Submitted on Fri, 3 Apr 2015 - 06:42 PM
The professional membership of the Foreign Correspondents’ Club of Thailand (FCCT) shares the concerns expressed by four Thai media organisations over the new powers announced by the National Council for Peace and Order (NCPO) under Article 44 of the interim constitution, as outlined in the report below posted on 2 April on the website of broadcaster Thai PBS.
The new order gives military officers sweeping powers to censor the media, with harsh punishments possible for journalists deemed not to be in compliance. We join these organisations in urging the authorities to provide clear guidelines on how they will handle reports they consider problematic.
We also hope that all news organisations, both foreign and domestic, covering Thailand’s complex and divisive politics will strive for objectivity, fairness and accuracy at all times. These organizations must be given proper credit for making such efforts and not have their reports misrepresented by any party.
Thai PBS Report 2 April on Article 44 Statement by 4 Media Organisations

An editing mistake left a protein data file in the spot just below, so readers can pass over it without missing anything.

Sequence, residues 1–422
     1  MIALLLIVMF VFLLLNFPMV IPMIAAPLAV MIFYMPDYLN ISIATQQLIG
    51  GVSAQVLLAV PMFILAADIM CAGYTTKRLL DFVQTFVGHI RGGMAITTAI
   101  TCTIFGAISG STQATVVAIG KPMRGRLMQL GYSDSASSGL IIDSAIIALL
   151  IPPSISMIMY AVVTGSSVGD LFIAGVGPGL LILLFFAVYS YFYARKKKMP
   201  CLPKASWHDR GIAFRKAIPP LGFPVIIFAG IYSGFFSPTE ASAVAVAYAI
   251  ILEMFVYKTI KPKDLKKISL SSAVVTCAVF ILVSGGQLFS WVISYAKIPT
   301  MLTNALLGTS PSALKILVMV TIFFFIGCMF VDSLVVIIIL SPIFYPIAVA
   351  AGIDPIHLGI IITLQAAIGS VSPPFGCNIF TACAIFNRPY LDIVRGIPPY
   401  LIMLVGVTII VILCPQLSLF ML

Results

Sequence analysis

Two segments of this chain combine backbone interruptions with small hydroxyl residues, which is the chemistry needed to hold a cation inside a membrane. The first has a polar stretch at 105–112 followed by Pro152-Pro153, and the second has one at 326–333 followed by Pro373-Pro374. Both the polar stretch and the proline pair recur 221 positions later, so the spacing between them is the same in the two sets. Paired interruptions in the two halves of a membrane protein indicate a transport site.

“Four media organisations have jointly voiced their serious concern with a provision of Section 44 which empowers security authorities to use their full discretion to deal with any media which presents a report which is deemed a security threat, a distortion of fact which may cause public misunderstanding or which may cause public panic.
“In a joint statement issued on Thursday, the National Press Council of Thailand, the Thai Journalists Association, the News Broadcasting Council of Thailand and the Thai Broadcasting Journalists Association a provision or Order No 3.2558 pronounced by virtue of Section 44 of the interim Constitution is a greater threat to the free expressions of the people and the media than the martial law.
“The provision in question empowers security authorities to ban news presentation, distribution or dissemination of publications. Those who defy the order of the security authorities are liable to a one-year jail term and/or a fine of 20,000 baht.
“The media organisations suggested that there must be clear guidelines or rules for the security authorities in their exercising of discretion.
“Moreover, they demanded Prime Minister Prayut Chan-ocha in his capacity as head of the National Council for Peace and Order to set a clear rule of performance for the security authorities in charge of overseeing the media so that members of the public and the media can rest assured that the use of discretion by the authorities is done in a constructive manner as pledged by the NCPO.”